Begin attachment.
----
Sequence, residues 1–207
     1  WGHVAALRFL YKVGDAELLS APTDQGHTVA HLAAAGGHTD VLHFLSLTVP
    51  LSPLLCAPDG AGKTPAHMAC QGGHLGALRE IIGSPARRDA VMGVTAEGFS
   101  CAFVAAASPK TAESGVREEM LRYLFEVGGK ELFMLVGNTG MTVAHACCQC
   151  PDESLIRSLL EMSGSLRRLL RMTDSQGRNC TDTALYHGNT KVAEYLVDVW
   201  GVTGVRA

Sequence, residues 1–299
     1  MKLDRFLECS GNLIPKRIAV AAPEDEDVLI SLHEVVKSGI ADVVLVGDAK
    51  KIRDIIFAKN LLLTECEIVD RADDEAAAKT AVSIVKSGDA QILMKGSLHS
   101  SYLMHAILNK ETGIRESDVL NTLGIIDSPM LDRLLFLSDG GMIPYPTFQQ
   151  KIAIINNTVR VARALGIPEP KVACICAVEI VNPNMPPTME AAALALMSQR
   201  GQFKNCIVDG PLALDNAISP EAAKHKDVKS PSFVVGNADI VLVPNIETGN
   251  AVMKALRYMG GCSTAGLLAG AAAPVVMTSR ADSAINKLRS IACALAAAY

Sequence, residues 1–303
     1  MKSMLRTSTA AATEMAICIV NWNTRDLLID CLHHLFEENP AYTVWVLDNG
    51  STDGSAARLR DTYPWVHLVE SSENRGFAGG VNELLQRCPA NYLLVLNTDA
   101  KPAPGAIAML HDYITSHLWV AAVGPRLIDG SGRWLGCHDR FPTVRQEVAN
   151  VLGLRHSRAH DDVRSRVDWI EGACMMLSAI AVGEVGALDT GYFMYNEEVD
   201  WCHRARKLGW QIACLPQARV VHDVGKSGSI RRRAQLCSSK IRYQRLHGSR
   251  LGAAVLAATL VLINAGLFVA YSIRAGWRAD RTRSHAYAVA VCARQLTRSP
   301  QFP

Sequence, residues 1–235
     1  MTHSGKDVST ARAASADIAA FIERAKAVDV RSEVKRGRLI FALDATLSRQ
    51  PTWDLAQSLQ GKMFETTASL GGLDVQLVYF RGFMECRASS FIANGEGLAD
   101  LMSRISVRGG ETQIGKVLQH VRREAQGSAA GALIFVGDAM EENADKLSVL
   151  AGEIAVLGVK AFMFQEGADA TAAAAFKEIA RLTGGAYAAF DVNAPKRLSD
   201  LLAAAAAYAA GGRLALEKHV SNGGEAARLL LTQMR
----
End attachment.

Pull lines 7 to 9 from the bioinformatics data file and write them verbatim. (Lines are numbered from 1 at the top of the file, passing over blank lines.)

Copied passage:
Sequence, residues 1–299
     1  MKLDRFLECS GNLIPKRIAV AAPEDEDVLI SLHEVVKSGI ADVVLVGDAK
    51  KIRDIIFAKN LLLTECEIVD RADDEAAAKT AVSIVKSGDA QILMKGSLHS